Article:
BY BILL CHAPPELL
“The EU disapproves of the fact that the U.S. decision to impose a travel ban was taken unilaterally and without consultation,” the heads of the European Union said Thursday, expressing their displeasure with President Trump’s plan to block visitors from 26 European countries from entering the United States.
“The Coronavirus is a global crisis and requires cooperation,” the EU leaders said.
European Council President Charles Michel and European Commission President Ursula von der Leyen spoke out Thursday, the morning after Trump abruptly announced his 30-day ban — rattling an already-shaken travel industry and creating new uncertainty among travelers in both the U.S. and Europe. The United Kingdom is exempt from the ban.
Complicating matters further, Trump left many people scrambling to learn the extent of the ban, which takes effect at midnight Friday. The White House later said the ban applies only to foreign nationals who have been in Europe’s open-border Schengen Area.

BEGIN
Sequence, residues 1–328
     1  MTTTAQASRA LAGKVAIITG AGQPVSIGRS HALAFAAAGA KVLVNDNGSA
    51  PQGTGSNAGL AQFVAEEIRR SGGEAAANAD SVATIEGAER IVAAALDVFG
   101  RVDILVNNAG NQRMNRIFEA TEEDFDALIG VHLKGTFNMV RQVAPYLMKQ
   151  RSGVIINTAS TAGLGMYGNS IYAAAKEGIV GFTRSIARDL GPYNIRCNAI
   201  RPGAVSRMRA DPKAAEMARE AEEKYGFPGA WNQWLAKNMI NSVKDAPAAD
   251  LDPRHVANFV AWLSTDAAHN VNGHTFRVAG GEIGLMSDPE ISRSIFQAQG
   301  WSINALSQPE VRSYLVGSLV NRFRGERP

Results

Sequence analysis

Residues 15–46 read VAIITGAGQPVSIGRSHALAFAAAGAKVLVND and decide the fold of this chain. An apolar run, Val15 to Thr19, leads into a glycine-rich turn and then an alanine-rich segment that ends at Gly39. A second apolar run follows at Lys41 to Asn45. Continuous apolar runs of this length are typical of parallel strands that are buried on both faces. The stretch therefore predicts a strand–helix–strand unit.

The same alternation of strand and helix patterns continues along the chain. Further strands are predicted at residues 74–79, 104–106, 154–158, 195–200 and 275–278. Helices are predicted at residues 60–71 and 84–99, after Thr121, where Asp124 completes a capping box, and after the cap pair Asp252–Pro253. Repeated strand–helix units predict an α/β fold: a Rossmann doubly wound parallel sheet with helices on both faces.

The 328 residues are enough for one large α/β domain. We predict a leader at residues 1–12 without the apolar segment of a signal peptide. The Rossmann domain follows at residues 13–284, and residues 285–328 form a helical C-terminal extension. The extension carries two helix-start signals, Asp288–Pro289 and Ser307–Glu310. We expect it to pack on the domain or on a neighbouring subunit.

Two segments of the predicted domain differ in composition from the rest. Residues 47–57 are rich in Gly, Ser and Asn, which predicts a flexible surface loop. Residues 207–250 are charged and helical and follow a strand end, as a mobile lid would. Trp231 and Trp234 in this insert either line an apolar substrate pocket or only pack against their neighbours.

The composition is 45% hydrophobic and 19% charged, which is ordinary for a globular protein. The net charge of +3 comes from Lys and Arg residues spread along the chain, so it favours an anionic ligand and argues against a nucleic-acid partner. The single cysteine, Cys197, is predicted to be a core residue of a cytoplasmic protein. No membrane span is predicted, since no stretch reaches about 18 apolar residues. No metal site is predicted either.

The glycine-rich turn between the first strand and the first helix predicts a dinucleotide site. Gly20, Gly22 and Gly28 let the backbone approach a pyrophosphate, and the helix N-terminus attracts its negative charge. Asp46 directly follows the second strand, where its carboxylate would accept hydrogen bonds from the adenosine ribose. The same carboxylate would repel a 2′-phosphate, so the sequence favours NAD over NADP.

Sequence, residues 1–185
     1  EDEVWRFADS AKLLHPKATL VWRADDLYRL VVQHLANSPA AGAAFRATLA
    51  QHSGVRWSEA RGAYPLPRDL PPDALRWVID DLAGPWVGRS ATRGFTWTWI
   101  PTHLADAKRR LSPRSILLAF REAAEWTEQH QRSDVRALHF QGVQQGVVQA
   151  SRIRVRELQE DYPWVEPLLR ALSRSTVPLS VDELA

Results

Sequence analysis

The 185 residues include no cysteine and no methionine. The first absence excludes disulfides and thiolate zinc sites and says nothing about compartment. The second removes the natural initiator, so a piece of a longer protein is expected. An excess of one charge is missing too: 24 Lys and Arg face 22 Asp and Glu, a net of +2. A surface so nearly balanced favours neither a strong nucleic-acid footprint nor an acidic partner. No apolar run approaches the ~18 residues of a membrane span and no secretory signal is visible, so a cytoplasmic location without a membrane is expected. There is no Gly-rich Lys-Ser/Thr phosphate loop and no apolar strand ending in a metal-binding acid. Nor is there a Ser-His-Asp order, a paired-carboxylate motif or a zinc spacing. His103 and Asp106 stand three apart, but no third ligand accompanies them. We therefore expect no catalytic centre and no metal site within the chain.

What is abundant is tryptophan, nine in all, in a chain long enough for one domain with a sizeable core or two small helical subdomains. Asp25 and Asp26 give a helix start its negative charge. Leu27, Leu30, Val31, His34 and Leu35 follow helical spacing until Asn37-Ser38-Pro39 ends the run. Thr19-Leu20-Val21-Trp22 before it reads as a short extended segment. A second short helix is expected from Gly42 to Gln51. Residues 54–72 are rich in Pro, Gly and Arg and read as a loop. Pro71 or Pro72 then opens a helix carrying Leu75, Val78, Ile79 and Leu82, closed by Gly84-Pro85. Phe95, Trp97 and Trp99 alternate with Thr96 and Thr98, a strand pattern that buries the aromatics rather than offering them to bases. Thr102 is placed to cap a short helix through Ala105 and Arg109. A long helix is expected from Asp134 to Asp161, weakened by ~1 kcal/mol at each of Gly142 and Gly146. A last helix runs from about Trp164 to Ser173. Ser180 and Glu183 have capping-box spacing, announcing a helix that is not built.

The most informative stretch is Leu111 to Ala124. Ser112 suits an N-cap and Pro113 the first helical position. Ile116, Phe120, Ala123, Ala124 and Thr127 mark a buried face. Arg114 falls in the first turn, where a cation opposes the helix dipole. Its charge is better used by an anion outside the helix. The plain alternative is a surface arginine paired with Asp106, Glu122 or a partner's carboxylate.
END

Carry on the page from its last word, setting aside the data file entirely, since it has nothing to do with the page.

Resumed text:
Trump referred to “exemptions for Americans who have undergone appropriate screenings.” Explaining that idea, the White House said U.S. citizens “will be directed to a limited number of airports where screening can take place.”
Scene now at the Atlanta airport international terminal right after Trump announced no return flights from Europe for a month. @gavin_mci and I were about to board a flight out for a kick ass @postandcourier story.— Jennifer Berry Hawes (@JenBerryHawes) March 12, 2020
One hour to decide what to do. Risk getting stranded? pic.twitter.com/NdjSsZ74Sl
The president’s speech set off chaos at airports in Europe and created doubt for Americans who were bound to depart the U.S., many of whom worried that they might not be able to return home under either the travel ban or a new policy that might be enacted while they’re abroad.
The U.S. move came hours after the World Health Organization classified the COVID-19 disease as a global pandemic.